The contrast between the two lawyers was very striking. One clearly knew exactly how to conduct a trial like the one my jury heard, the other was equally clearly thrashing about. Summarizing the two cases:
Plaintiff: there was a rear-end collision*, defendant's car at the rear of plaintiff's car. Plaintiff has been getting medical and chiropractic treatment for three years for debilitating headaches that began after the collision. Plaintiff is a good woman who traveled to Indonesia to help people struck by the tsunami (work she can no longer do). She is well thought of by her neighbors, co-workers, and fellow church members.
In support of this case, plaintiff's lawyer took us through the plaintiff's extensive medical treatments at least four times in considerable detail. Aside from character witnesses, he presented the plaintiff herself, who was very nervous on the stand; her chiropractor; and an accident reconstruction expert who basically agreed with defense's accident reconstruction expert except for saying plaintiff's head could have suffered significant forces, even though the collision was only at about 7 mph. At times, plaintiff's lawyer seemed to be drawing out his witnesses' testimony by asking minimally relevant, repetitive questions while frequently checking the courtroom clock. He made at least one egregious error: cross-examining the defendant, accusing him of an inconsistency between his deposition and his testimony, dramatically handing him a transcript of the deposition and challenging him to show otherwise. Defendant examined the transcript on the stand and found the material the lawyer had said wasn't there, Oops.
Defendant: while defendant admits the fact of the collision, well-credentialed experts in accident reconstruction, human biomechanics, and neurology say the impact of that collision could not have caused the symptoms plaintiff suffers. Defendant's lawyer was at all times courteous, professional, and on-point. I don't believe he cross-examined plaintiff at all, which got him points from me, because she seemed so anxious. He didn't need to emphasize points in testimony that supported his side, apparently believing that we, the jury, would understand what was being said without his having to repeat or simplify the information. I had to wonder whether he, the lawyer, was hired by defendant's insurance company.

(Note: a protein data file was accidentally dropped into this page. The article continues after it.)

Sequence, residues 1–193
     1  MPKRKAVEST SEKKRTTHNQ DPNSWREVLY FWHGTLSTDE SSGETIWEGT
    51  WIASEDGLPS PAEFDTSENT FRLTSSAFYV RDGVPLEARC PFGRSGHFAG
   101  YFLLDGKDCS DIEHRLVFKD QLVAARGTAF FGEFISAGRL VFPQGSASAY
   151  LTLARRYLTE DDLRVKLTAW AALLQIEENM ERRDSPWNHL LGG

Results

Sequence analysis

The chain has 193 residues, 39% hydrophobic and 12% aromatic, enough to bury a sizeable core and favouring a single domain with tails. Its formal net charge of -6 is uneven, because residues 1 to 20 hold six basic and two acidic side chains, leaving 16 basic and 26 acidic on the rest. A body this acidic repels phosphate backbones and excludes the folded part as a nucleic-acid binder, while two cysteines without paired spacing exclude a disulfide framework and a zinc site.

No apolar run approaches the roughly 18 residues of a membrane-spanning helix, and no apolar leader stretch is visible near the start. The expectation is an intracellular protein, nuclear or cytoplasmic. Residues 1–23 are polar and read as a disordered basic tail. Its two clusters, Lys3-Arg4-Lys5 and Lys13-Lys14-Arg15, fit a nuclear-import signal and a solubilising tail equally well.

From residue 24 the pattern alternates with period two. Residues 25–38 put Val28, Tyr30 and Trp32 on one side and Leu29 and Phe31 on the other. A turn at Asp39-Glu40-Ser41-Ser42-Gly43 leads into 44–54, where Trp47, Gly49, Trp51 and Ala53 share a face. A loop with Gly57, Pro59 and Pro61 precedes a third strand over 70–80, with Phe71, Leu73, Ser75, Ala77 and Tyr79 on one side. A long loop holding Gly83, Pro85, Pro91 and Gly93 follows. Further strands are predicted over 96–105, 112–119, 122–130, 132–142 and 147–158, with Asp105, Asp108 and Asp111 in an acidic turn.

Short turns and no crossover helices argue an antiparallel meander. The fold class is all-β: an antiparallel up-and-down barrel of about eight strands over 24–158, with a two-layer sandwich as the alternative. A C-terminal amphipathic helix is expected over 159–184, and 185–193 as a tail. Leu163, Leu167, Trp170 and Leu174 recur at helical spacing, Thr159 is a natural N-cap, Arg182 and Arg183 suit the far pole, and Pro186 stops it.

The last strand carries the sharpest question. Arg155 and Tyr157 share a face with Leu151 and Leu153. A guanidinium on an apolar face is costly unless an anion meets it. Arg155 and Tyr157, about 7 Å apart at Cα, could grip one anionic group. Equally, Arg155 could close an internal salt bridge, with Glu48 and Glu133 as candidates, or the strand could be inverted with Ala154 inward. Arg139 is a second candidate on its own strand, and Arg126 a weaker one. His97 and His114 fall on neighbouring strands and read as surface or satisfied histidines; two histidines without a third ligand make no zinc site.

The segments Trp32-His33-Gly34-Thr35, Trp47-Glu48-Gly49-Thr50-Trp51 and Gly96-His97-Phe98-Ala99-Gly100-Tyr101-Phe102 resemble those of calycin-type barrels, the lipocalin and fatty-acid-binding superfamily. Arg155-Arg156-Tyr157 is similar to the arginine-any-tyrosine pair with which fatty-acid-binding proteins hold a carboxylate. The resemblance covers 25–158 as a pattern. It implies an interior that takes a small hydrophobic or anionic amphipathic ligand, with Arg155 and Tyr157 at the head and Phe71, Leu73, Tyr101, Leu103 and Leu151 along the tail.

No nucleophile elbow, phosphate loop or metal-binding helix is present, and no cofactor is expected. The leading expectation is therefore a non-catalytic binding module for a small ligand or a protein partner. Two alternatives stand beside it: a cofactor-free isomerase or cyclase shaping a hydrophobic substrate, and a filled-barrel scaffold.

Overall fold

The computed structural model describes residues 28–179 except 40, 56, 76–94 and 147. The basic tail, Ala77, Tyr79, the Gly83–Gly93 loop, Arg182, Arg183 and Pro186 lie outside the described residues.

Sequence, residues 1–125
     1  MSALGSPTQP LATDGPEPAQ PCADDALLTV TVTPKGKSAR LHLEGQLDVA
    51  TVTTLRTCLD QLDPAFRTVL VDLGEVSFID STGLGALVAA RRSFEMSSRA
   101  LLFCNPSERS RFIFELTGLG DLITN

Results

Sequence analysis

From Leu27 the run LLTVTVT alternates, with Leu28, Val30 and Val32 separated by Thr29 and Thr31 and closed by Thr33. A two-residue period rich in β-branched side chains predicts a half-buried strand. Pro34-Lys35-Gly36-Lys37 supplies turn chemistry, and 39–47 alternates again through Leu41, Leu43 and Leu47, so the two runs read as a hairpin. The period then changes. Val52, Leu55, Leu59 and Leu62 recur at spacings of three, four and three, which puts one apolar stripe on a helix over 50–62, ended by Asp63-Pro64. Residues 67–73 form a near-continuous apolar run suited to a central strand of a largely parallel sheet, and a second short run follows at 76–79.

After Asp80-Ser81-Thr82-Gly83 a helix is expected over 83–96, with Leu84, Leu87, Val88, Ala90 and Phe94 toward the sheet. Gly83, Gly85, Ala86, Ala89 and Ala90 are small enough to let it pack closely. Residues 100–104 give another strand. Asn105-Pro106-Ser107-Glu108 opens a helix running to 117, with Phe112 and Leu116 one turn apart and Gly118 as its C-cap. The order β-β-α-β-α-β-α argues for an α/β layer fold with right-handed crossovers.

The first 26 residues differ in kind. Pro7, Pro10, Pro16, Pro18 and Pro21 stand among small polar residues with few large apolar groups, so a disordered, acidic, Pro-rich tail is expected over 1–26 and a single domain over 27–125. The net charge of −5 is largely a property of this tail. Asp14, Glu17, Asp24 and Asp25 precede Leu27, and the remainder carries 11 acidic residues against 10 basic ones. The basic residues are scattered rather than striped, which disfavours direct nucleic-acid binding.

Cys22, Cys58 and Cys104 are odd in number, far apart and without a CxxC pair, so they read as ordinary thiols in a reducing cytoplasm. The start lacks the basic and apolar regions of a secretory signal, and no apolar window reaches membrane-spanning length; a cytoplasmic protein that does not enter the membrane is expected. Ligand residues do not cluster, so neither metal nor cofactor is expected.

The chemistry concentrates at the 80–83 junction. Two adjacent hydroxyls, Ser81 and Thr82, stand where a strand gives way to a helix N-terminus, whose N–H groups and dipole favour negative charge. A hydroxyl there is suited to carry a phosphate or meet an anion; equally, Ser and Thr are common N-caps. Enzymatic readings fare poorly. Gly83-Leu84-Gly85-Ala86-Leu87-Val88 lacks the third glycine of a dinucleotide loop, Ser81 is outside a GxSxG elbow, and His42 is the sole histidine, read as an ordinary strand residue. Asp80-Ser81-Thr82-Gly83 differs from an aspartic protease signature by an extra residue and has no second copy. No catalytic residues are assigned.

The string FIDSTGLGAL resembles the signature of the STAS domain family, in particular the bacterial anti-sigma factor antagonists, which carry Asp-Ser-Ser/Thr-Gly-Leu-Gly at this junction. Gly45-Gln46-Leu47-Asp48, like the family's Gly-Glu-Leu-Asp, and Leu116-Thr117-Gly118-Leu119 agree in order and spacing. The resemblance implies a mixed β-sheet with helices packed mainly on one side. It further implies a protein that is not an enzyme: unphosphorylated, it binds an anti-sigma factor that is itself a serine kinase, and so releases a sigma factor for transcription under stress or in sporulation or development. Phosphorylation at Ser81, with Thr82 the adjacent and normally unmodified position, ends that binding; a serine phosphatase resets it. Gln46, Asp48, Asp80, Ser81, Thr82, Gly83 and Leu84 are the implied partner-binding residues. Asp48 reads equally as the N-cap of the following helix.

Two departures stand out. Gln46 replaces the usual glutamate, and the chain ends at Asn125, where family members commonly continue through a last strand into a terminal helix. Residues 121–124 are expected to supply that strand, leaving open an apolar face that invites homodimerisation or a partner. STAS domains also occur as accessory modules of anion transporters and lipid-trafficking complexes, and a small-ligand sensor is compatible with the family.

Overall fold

In a way, the whole thing was scary. If you have the better lawyer, you have a much better chance of prevailing in court. That should be obvious, but seeing it in action adds color and depth. Before this trial, I would have thought of a "good" lawyer as one who reminded me of Perry Mason. Now I see that it's not melodramatics, it's having control of the material of the case and presenting that material in a clear, concise, consistent manner that creates trust and credibility.
*The facts of the case: both plaintiff and defendant were stopped at a red light. Light turned green, both began to drive forward. Plaintiff saw an ambulance approaching on the cross-street, stopped at mid-intersection. Defendant, immediately behind her, was looking elsewhere, was unable to stop before colliding with the rear of plaintiff's car. Damage to both cars was minimal, judging by the repair estimates.